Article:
Exclusive Graeme Lowdon Q&A: Marussia Sporting Director on engines, appeals & 2014

Will F1 have to turn up the noise? And what of Marussia's points hopes?

By James Galloway.   Last Updated: 24/03/14 3:18pm

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Graeme Lowdon on the pitwall with Max Chilton during testing

Graeme Lowdon on the pitwall with Max Chilton during testing

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After a curtain raiser to the 2014 season which threw up no end of talking points, Sky Sports Online sat down with Marussia Sporting Director Graeme Lowdon to discuss the matters of the moment as well as his own team's mixed fortunes in Melbourne.

There has been a big outcry since Australia over the quieter sound of F1's new generation engines. Bernie Ecclestone has said he was "horrified", what's your take on it?
Graeme Lowdon:
"I wouldn't go as far as to say horrified, but one of the things that we observed was on TV the difference in sound doesn't have quite the same impact. The show so far on TV has been more spectacular than it has been for quite a long time - you can see the cars are moving around and the field's jumbled up a little bit.

"For the TV viewers, who represent by far the biggest proportion of the people who are watching the sport, I think they're set for a fantastic season. I think as well that the spectators who go to the circuits themselves what they're seeing is just a different sort of sound. It's obviously quieter but that allows them to hear a lot of other things that are going on. You can hear cars locking their wheels up and everything, which is a texture that's not been there before. So for the spectators who are at the track there's something different to look at.

"I think where it has changed and there is an impact is that kind of 'wow' factor. For the teams we spend a lot of time taking key decision makers who are looking at sponsoring the team to a race track and one of the things that has always been there is that they're visibly impressed when a Formula 1 car starts up because typically they've been incredibly noisy.

"It's helped to show that Formula 1 really is another world and we've always found that useful and always found that's one of those moments that can make a key change in a decision. Quite often these decision makers are people who don't have an awful lot of time so they might not necessarily be quite so interested in the change in texture of sound and stuff like that, they're looking at the high impact.

"That without any question is a big change and we're yet to see whether that has a negative impact. But it certainly has removed that element of 'wow' factor - call it what you want - but for the fans there's still lots of positives and lots of fantastic things, it's just an element of the whole mix which has now changed."

Do you think there might be a move among the teams or the sport to try and amplify the sound?
"Probably not from the teams because they are just so preoccupied at the minute with just trying to make their cars work, but I wouldn't be surprised if there was a little bit of a move towards that. In particular when we start getting support programmes which will have significantly more impactful noise linked to them, then there could well be that sort of move towards something like that.

"Like all these things, it's a balance. As I said before, at the moment the TV audience, who are significantly the biggest area of people watching Formula 1, I think are seeing a significantly better product than they saw last year. But we have to look at the overall mix, so perhaps there is something that could be done to get the 'wow' factor back."

The other big talking point post-Melbourne was Daniel Ricciardo's disqualification, of course. Red Bull have cited in their defence "immature" fuel flow sensor technology, have your own team Marussia had any particular problems with it during testing or even during the weekend in Australia?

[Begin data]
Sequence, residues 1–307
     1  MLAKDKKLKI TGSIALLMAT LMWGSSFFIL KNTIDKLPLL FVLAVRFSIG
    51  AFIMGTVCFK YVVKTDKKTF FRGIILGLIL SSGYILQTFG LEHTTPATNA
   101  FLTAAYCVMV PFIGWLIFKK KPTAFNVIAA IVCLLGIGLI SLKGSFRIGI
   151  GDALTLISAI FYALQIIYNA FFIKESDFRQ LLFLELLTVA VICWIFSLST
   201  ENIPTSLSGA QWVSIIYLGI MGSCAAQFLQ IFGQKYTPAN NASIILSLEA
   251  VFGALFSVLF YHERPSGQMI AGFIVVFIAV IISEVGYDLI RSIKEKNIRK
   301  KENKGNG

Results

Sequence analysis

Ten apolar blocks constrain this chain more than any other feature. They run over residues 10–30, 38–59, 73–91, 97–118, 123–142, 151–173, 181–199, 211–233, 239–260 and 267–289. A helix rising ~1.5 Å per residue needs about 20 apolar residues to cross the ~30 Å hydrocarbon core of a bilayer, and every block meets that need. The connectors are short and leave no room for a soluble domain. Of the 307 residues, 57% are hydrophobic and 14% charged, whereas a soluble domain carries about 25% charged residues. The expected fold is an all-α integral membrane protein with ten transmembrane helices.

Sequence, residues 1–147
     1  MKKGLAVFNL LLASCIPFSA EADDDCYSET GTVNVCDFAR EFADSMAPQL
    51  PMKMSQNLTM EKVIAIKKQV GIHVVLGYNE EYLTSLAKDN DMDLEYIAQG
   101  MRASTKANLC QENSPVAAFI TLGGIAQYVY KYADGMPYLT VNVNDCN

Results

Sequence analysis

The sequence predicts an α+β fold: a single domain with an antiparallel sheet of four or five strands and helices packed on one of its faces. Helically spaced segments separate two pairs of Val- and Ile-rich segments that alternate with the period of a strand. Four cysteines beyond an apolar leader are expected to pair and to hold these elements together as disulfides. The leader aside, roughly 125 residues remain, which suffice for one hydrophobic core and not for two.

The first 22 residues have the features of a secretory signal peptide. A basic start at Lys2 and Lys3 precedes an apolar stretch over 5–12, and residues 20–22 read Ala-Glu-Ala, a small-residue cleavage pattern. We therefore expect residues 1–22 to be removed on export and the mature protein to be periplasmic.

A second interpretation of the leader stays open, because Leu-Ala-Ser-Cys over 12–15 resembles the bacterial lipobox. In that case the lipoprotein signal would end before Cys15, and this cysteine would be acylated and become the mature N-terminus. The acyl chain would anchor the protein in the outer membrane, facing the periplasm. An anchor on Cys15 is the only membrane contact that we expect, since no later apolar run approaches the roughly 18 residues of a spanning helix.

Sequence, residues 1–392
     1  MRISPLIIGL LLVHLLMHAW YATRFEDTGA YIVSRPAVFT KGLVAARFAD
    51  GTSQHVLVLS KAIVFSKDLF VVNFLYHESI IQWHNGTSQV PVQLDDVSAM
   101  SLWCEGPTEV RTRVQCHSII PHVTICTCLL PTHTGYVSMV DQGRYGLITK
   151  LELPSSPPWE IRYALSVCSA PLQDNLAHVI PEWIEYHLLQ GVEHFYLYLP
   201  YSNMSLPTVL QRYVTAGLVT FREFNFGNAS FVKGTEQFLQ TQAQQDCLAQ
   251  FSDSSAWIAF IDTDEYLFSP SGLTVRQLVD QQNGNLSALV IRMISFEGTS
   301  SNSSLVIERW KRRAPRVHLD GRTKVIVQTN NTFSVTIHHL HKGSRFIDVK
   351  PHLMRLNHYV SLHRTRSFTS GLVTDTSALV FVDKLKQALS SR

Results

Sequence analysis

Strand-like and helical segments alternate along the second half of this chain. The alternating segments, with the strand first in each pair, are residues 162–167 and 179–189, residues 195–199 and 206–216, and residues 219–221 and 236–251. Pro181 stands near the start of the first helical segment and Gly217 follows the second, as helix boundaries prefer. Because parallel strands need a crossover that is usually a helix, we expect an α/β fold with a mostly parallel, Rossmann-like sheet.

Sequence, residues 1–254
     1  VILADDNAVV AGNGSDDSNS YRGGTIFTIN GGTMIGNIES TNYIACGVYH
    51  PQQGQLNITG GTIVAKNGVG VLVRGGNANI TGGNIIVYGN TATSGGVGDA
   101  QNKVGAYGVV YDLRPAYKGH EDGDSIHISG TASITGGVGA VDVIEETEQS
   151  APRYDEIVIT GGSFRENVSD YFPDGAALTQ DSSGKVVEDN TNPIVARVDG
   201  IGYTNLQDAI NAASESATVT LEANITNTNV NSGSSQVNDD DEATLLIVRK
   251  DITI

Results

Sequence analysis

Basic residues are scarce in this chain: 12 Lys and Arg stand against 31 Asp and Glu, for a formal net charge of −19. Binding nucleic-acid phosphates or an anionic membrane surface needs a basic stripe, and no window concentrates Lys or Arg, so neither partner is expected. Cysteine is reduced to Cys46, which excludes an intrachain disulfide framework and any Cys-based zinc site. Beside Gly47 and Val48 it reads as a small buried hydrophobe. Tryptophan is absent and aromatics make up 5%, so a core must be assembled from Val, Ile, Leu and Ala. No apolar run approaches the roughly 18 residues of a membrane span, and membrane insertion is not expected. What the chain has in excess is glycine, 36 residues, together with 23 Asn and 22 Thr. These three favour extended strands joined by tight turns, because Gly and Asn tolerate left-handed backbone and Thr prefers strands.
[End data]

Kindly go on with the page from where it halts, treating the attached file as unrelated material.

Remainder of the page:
"I think most of the teams have probably observed something. These are massive technical changes that have occurred, so I'd be completely surprised if all of these rule changes were introduced and there weren't any small problems or [differences in] how we should interpret different things. I'd be surprised if there wasn't that.

Christian Horner is adamant Red Bull will be cleared

"For all there were various issues and problems, and certainly we experienced some circumstances on the fuel flow where we had to make some decisions, I think most of the teams made those decisions in accordance with how the FIA thought the teams would act, which is to err on the side of ensuring that your car is safe and legal at all times, which is the stipulation that's in the Sporting Regulations. I know whenever we were presented with a decision to make we took it into accordance with the guidelines that have been issued with the FIA."

Red Bull are obviously pushing ahead with their appeal and there's been some talk that this kind of technical issue with the new regulations could dominate the season, resulting in more post-race disqualifications. Is there a worry that due to the complexity of the rules there could be a lot of challenges to the FIA, particularly if Red Bull win their case?
"I certainly hope not because the fans don't like that. They want to switch on, watch a race and then know who's won it and not have to stay up another day or something like that to find out who actually won or who came second or whatever. So I certainly hope we don't have that kind of thing.

"Obviously the International Court of Appeal is the final arbiter on these things, so there is a process which is well laid out. My own view is, and it's purely a personal view, that it would open the floodgates to all sorts of things if this appeal were to be successful because, yes, the ICA is the final arbiter, opinions given by the FIA outside of the Technical Regulations are meant for guidance and they are guidance, it doesn't constitute part of the Technical Regulations as such, but I think some things should be reasonably straightforward.

"If Red Bull chose to ignore the guideline from the FIA then they will have only done that to make their car go quicker - there's no reason why they would have done anything other than that. Therefore if that was the approach that every single team took then without any question every single result would always be decided in the International Court of Appeal, and that's not really what it's meant for and it wouldn't be good for the fans and, you'd argue, it wouldn't be good for the sport."